He added that even as they age, those with higher well-being have a slower rate of developing conditions with age-related risks including high blood pressure, heart disease and diabetes. "High well-being individuals are healthier at baseline and more likely to stay healthier," he said in comparison to those who rank lower on the well-being scale.
Interestingly, Witters noted the physical well-being portion of the latest rankings weren't the real red flags. While obesity, diabetes, smoking and physical activity continue to be issues across the country, he said there were slight improvements in most of those areas and noted smoking rates have dropped to their lowest level. "The problem in 2017 versus 2016 was the emotional, mental and psychological aspects of well-being," he said.
Witters said, "Clinical diagnoses of depression went up over a point to the highest rate it's ever been." He added daily worry and stress were also up. "Well-being came down even as the economy continued to improve," he noted.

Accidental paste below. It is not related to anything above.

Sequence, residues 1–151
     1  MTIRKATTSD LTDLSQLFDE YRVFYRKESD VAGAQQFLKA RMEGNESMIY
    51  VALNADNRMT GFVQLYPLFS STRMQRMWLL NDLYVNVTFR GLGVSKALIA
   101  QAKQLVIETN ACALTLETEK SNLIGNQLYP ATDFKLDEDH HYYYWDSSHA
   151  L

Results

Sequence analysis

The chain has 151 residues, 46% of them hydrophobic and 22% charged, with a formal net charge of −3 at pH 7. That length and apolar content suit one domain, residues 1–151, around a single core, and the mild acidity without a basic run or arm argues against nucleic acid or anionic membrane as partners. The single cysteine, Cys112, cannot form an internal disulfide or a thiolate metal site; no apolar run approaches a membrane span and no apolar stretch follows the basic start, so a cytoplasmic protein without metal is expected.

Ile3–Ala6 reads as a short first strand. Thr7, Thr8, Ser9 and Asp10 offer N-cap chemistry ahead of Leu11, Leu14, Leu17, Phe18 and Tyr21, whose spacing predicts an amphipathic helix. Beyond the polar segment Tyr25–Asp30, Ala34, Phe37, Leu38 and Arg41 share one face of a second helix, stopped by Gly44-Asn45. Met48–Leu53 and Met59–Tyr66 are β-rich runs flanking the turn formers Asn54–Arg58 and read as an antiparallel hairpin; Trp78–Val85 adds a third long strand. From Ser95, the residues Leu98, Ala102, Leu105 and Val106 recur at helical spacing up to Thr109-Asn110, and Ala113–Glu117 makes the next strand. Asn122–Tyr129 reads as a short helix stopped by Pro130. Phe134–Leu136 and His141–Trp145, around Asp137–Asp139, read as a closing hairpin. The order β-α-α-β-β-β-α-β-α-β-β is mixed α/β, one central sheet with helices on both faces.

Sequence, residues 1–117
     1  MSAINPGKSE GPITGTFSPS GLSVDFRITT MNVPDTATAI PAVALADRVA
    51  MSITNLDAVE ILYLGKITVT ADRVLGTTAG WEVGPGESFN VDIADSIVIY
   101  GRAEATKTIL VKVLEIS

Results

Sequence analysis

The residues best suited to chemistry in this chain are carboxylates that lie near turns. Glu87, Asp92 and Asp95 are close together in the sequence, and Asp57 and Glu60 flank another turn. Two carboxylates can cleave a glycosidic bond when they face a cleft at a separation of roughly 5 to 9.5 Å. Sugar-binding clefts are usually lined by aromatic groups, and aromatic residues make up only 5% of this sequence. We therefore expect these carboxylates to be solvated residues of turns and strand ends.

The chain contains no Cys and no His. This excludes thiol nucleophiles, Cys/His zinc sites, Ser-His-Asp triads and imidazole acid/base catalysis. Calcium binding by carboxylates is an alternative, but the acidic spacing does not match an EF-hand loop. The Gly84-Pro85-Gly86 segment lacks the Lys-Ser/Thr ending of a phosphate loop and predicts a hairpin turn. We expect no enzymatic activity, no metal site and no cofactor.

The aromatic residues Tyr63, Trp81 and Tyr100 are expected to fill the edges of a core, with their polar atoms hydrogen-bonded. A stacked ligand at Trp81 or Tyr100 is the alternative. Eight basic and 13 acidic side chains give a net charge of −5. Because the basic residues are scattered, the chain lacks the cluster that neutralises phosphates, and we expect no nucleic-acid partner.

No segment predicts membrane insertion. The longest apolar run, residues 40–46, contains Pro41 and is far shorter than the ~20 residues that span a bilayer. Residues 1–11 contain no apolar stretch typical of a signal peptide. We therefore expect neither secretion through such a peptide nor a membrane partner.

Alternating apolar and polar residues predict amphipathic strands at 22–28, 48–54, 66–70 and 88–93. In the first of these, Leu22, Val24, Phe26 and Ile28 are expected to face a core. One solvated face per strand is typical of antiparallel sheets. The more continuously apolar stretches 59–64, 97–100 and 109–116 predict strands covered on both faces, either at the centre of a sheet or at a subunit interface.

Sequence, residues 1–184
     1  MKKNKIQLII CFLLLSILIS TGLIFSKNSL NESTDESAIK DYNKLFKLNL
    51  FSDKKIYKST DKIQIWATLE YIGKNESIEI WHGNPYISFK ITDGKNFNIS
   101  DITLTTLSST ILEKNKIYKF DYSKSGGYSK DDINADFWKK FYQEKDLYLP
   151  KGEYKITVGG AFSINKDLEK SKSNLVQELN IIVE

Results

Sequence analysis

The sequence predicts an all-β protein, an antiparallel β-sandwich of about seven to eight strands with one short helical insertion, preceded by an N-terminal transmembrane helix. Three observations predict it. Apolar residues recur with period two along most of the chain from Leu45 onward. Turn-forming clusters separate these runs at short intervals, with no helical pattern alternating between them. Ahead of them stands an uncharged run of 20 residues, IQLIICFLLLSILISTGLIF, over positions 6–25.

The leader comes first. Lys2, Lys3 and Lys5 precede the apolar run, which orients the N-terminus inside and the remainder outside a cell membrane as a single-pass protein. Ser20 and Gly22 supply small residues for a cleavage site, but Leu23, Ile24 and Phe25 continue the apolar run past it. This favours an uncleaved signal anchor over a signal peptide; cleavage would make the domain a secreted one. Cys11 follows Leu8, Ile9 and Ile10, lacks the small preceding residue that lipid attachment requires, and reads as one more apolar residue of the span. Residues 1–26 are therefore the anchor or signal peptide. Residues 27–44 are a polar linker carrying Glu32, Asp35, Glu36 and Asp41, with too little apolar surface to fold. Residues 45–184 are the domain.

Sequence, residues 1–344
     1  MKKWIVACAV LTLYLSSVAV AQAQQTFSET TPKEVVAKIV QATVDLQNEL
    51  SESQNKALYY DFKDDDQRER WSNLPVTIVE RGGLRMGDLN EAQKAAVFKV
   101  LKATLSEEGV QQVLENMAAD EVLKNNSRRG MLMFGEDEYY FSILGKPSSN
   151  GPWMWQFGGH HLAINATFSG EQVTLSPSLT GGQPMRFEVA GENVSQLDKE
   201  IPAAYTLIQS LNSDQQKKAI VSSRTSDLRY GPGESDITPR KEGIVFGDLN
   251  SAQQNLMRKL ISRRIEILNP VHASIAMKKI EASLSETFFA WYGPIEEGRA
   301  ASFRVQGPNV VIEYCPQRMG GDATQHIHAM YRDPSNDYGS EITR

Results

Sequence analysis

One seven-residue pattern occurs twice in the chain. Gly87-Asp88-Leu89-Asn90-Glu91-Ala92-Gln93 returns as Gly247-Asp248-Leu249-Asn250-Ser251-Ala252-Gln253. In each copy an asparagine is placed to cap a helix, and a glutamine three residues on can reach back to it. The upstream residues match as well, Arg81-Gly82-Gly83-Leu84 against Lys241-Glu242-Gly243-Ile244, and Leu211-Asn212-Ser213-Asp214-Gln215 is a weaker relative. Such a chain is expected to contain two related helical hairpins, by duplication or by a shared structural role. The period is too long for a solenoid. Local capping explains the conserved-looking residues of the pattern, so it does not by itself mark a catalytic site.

Considering the impact on overall health and disease burden, what can physicians do to address overall well-being? Witters said there are several options providers should consider for both their patients and employees.
"We actually have a survey instrument developed that's quick and provides a well-being score," he said. Practices and hospitals could make the survey, which only takes three to five minutes, part of the intake process with the resulting assessment being included in the patient's file. "That can impact instructions on discharge," Witters said, adding that knowing a patient has low social or financial well-being could prompt sharing information on transportation or medication assistance programs. "High well-being patients have a substantially lower probability of medical adherence failure and 30-day readmit rates," he pointed out of the benefit of intervention for those with lower well-being.